Over the past decade, the use of vapes has increased dramatically across the United States. Vaping was introduced to many teenagers with the popularization of the JUUL, which was first put on the market in 2015. What followed was a boom in the number of high school students who used nicotine.
Robert, a Berkeley High School (BHS) senior whose name has been changed to protect his privacy, said that he purchased vape supplies from Berkeley smoke shops as a thirteen-year-old. “When I went into high school, vaping was the rage,” he said. “Everyone was addicted to nicotine, so I got addicted to nicotine too.”
“Vaping is a big problem [at BHS],” said Robert, “because there are these vapes that are tiny little concealable objects that taste like candy and are marketed towards kids.”
Rafael Piedra, a Hive 5 teacher at BHS, also said that the amount of students who vape at BHS concerns him. He called out the fruity and candy-like e-cigarette flavorings as something that students were attracted to. Piedra and Robert are not the only ones to voice concerns about nicotine usage among teenagers in the US.
Beginning in 2018, there has been a waterfall of restrictions on e-cigarettes and their various flavorings. In 2018, JUUL announced it would stop selling its flavored pods in retail stores. The Food and Drug Administration (FDA) called for more regulations on nicotine delivery devices in 2019. Finally, in January of 2020, many flavors that attracted minors, such as mint and fruit flavors, were banned by the FDA in hopes of having fewer young smokers.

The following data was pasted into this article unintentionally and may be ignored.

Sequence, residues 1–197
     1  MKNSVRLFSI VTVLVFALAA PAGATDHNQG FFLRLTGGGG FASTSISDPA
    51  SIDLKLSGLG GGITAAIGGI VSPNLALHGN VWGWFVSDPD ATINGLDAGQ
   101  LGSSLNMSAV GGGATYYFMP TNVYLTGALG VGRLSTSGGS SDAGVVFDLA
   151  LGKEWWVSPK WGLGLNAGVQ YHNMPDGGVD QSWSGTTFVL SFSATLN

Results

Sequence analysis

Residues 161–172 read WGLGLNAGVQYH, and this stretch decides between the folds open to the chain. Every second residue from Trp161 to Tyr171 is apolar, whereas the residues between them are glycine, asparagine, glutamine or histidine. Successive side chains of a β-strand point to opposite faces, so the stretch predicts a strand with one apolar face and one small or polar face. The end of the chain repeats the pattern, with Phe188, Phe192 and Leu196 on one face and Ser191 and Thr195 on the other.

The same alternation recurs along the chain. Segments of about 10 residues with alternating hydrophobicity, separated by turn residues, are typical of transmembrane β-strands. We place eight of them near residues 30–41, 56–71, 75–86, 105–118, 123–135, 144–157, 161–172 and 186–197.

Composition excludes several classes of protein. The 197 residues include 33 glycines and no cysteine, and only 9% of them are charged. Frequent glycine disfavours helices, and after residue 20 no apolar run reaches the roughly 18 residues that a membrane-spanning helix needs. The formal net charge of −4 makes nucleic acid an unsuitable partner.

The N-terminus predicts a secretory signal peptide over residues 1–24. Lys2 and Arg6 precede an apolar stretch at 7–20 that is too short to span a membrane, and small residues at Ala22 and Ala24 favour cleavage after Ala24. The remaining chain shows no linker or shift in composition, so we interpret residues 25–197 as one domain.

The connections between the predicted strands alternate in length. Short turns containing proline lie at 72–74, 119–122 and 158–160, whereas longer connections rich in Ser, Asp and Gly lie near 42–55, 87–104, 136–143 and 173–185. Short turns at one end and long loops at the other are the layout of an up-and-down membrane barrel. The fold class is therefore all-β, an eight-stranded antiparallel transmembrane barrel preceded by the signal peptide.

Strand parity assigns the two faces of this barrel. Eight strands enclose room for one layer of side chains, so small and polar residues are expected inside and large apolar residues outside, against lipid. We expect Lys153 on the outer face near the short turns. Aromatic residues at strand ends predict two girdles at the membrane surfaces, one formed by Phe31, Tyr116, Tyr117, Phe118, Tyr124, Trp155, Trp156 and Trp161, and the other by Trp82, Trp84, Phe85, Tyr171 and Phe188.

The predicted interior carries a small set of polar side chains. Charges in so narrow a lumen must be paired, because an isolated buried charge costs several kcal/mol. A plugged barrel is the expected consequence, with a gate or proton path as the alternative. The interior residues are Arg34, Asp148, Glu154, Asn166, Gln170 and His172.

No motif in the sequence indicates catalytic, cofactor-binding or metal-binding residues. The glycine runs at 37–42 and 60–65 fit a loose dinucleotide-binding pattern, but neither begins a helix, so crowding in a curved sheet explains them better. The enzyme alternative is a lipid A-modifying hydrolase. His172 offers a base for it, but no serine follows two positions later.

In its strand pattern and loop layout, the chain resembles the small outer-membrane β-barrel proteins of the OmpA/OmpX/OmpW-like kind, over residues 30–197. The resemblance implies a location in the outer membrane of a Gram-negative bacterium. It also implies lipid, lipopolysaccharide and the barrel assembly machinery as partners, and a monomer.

However, by the time these restrictions were implemented, thousands of teenagers had already been hooked on nicotine. According to the Centers for Disease Control and Prevention (CDC), “In 2020, 19.6 percent of high school students (3.02 million) and 4.7 percent of middle school students (550,000) reported current e-cigarette use.” Robert said, “They’re so accessible, and you can do it in class or in the bathrooms. Nobody really knows what you’re putting in your body when you do that.”
“What concerns me is that students don’t realize how unhealthy it is,” said Molly Offermann, a counselor who has been working at BHS for 15 years. “Vaping for anybody is remarkably dangerous, but especially for teens.”
CDC research found that one JUUL pod contains as much nicotine as 20 cigarettes, with around 40 mg of nicotine per pod. Although scientists are not yet sure of the long-term effects of vaping, it is clear that it is still damaging.
Robert decided to quit vaping when the COVID-19 pandemic hit. “It was fun at first, but [then] it’s just something you have to rely on,” said Robert. “I thought [quitting] would be harder than it was … I just muscled through it.”
While quitting can be challenging, it’s achievable, and he encouraged students to do the same. “Everyone who is reading this and everyone who is vaping, you’re super young and you’re blowing it for yourself in the future … I don’t need to ruin it for myself now.”